Wednesday, March 11, 2009

Salvation from the Grave

Lenten Worship
March-April, 2009
Mark 15:42-47

The center of the Gospel is found in the phrases of the Creed that we are considering this Lent: “suffered under Pontius Pilate, was crucified, died and was buried. He descended into hell.” Tonight our focus is on “and was buried.”

Jesus is unique. There is no one else like Him. If you compare anyone to Him you will see that there is no comparison. And yet, when it comes to being laid to rest, you can’t point to Jesus and say, “Here is one more example of His uniqueness, He wasn’t buried. He is God and therefore would not suffer the humility of being buried.” There are actually two people who weren’t buried—Enoch and Elijah.

But not Jesus. He was buried. He was laid to rest like all people who have died normally are. Thus we confess in the Apostles’ Creed that He suffered, was crucified, died, and was buried. But we confess this not only because the Scriptures say He was; not only because it simply is true; we confess it because His burial, while in one sense is the same as everyone else’s, is in another sense unlike everyone else’s. It’s plain why He was buried—He died. The question is, What does it mean for us?

The normal course for humans is to be buried after they die. There are numerous accounts of the saints of the Old Testament dying and being buried. Often it will say that they were gathered to their fathers. But these passages are almost said in passing. The fact is, we spend a lot more time talking about and thinking about life than we do about burial. When a loved one has died we will visit their grave, but we spend much more time going over the memories we have of them while they were with us. It’s the same with Jesus. We don’t spend much time thinking about His burial and what Him being buried means for us.

In His case, as with everything Jesus did, it has everything to do with our salvation. Though we don’t think about it much, burial is a very important part of life. Obviously, it’s not always able to happen. If someone is incinerated in a fire or missing there’s no opportunity to be buried. But throughout the ages, burial has been a common custom for laying a person to rest. There’s a finality about that. As we hear the words spoken over the body at the burial site, ashes to ashes, dust to dust, we are very aware of our own mortality. Our Lord created us from the dust and to dust we return.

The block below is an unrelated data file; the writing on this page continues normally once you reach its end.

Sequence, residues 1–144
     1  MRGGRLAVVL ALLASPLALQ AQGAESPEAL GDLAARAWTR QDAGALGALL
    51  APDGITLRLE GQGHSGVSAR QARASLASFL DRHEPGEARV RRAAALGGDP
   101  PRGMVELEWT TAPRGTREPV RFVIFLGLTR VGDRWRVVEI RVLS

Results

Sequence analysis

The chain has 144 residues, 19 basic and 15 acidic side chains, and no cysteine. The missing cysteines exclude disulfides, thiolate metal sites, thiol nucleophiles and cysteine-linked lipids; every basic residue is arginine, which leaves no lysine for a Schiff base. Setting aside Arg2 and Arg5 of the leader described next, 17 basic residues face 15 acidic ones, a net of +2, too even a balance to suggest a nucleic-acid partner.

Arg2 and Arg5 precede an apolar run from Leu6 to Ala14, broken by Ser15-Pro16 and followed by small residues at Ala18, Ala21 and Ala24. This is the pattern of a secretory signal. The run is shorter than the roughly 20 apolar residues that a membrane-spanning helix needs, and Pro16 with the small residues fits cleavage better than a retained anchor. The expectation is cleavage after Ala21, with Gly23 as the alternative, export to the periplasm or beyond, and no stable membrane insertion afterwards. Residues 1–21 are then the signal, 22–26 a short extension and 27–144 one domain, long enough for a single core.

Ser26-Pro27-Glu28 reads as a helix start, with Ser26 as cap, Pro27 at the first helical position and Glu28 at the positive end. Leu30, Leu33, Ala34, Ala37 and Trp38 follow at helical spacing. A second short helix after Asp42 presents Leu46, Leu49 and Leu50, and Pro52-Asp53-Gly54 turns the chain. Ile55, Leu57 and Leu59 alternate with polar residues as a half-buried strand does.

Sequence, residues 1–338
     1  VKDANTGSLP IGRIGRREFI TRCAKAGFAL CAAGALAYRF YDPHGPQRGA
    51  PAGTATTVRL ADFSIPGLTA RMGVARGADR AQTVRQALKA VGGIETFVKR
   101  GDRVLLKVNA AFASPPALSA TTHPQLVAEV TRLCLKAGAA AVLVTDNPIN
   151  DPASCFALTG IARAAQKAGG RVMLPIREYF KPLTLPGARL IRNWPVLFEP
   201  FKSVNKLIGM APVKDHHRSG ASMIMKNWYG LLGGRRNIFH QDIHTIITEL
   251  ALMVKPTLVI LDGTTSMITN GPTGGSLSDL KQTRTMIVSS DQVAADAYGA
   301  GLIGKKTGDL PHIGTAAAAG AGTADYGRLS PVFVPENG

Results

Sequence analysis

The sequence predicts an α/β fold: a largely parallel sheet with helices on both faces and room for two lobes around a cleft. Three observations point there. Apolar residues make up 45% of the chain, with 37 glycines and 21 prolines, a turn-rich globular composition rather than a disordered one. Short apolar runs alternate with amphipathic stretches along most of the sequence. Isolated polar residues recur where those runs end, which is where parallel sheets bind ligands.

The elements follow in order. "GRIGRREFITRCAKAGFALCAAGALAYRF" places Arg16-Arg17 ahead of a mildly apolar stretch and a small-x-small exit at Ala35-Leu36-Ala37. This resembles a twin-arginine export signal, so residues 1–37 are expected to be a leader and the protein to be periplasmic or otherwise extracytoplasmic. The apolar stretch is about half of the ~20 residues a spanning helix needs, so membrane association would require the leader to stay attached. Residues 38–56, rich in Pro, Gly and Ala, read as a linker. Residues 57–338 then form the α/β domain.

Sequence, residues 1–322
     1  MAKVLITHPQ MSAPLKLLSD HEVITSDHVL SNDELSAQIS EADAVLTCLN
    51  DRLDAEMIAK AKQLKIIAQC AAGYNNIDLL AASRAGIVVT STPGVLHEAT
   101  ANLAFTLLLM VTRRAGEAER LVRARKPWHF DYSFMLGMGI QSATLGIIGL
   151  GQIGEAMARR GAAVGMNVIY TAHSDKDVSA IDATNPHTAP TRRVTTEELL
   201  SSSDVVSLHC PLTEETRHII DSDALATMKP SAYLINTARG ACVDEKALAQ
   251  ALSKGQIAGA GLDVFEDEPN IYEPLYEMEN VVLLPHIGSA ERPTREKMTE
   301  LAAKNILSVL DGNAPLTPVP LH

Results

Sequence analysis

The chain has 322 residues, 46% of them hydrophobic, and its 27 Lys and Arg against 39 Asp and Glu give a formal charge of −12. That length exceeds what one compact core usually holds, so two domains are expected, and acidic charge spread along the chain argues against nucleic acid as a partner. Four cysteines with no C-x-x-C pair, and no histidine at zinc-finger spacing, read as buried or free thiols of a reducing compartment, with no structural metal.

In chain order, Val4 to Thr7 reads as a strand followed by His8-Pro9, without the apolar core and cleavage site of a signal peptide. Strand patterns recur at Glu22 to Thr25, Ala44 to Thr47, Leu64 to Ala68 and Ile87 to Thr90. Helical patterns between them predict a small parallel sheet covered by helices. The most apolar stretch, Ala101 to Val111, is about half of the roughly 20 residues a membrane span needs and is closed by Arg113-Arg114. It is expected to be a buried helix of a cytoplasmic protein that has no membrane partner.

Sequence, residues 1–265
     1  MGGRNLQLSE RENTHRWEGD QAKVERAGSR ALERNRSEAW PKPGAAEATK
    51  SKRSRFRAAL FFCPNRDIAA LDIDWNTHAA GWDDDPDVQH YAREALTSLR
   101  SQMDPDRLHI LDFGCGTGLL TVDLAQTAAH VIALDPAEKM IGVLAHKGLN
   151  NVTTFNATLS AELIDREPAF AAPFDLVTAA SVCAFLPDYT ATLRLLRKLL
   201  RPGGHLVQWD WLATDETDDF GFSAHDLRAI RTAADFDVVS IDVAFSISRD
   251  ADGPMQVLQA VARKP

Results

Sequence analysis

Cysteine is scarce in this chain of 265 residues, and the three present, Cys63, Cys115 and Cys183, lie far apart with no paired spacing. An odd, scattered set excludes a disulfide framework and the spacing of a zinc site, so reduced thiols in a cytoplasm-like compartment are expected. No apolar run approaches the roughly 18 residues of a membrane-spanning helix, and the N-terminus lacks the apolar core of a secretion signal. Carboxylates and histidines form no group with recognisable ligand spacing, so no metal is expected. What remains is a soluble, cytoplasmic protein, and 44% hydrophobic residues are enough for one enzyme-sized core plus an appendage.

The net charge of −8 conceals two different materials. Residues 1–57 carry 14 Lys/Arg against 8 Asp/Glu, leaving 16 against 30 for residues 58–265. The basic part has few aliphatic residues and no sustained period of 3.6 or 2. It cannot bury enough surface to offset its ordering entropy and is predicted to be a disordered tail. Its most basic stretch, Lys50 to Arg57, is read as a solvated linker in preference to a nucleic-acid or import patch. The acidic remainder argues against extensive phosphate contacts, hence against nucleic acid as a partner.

Our Lord, on the other hand, was not created from the dust. Our Lord, in fact, was not created at all—He is God; begotten of the Father. Yet, He chose to humble Himself to become a man, and a mortal one at that. That’s why you have the amazing thing of the eternal God dying on the cross. And then you have the amazing thing that He is buried. It’s strange to think of God as being buried. And yet, there He is, laid to rest in a tomb.

On the one hand we see the harsh reality of death—Mark tells us plainly that Joseph of Arimathea took Jesus’ corpse to the tomb. On the other hand we see the honor that we give to a body. Our bodies were created, after all, by God. In the case of Jesus, His body wasn’t created, but He took on human flesh which was honored even in His death.

It wasn’t just honor, though, that brought Jesus to the tomb. It was salvation, salvation from the grave. God gives you salvation from the grave. The grave is not your final resting place. Just as God saves you from sin and hell, He saves you from the grave. You will rest in the grave but not remain there.

How He gives you salvation from the grave is by giving you salvation from His grave. After He died He continued His work for us. Even in the grave He was working salvation for you. By being laid to rest, He consecrated the grave. Psalm 116:15 says, “Precious in the sight of the Lord is the death of his saints.” We are saddened at the graves of our loved ones. But for those who died in Christ we also may rejoice at the grave. That is because in Christ the grave does not separate us from God but unites us with Him in glory.

Jesus died, but death could not hold Him. He was buried, but the grave could not hold Him. We sang that in our office hymn: “By the vault whose dark abode, Held in vain the rising God.” Our Psalm for this evening predicts this: “For you will not abandon My soul to Sheol, or let your holy one see corruption.” (Psalm 16:10) Our bodies will decay in the grave, but not Jesus’ body. Paul proclaims this truth in Acts 13: “He whom God raised up did not see corruption.” The suffering had now ceased. Jesus bore the sin of the world, the guilt before God of every person, the punishment of all, in His suffering and death. Now was the rest. Now was the sanctifying of the grave, preparing the way for you to enter that sleep of death, in which your body will decay in the grave, but be raised up on the Last Day just as Christ’s was on the Third Day.

Centuries before, the prophecy of Isaiah was made of this and now had come to pass: “And they made His grave with the wicked and with a rich man in His death, although He had done no violence, and there was no deceit in His mouth.” In the grave He was now through with suffering. He had died, to be sure, but He had accomplished salvation on the cross. In the grave He was preparing the grave for us so that we may not fear it but look forward to it when our Lord deems it time to call us home.

Jesus did not fear the grave. We don’t need to fear it any more than laying down to sleep. The grave was not beneath our Lord. It pleased Him to sanctify the grave so that we may rejoice in the day our Lord calls us to eternal rest. We will enter the grave, but not remain. Our rest and joy will be in heaven. Amen.


1 comment:

Anonymous said...

Good sermon, as always Paul.